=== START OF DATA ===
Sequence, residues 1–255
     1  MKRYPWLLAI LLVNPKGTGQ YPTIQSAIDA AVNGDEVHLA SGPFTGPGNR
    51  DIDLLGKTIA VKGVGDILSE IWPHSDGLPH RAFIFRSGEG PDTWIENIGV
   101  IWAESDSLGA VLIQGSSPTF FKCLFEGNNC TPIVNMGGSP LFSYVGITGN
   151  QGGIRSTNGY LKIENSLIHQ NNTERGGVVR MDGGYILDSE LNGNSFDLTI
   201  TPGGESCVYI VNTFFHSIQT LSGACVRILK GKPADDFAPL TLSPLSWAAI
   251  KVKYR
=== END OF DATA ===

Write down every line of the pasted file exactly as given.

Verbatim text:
Sequence, residues 1–255
     1  MKRYPWLLAI LLVNPKGTGQ YPTIQSAIDA AVNGDEVHLA SGPFTGPGNR
    51  DIDLLGKTIA VKGVGDILSE IWPHSDGLPH RAFIFRSGEG PDTWIENIGV
   101  IWAESDSLGA VLIQGSSPTF FKCLFEGNNC TPIVNMGGSP LFSYVGITGN
   151  QGGIRSTNGY LKIENSLIHQ NNTERGGVVR MDGGYILDSE LNGNSFDLTI
   201  TPGGESCVYI VNTFFHSIQT LSGACVRILK GKPADDFAPL TLSPLSWAAI
   251  KVKYR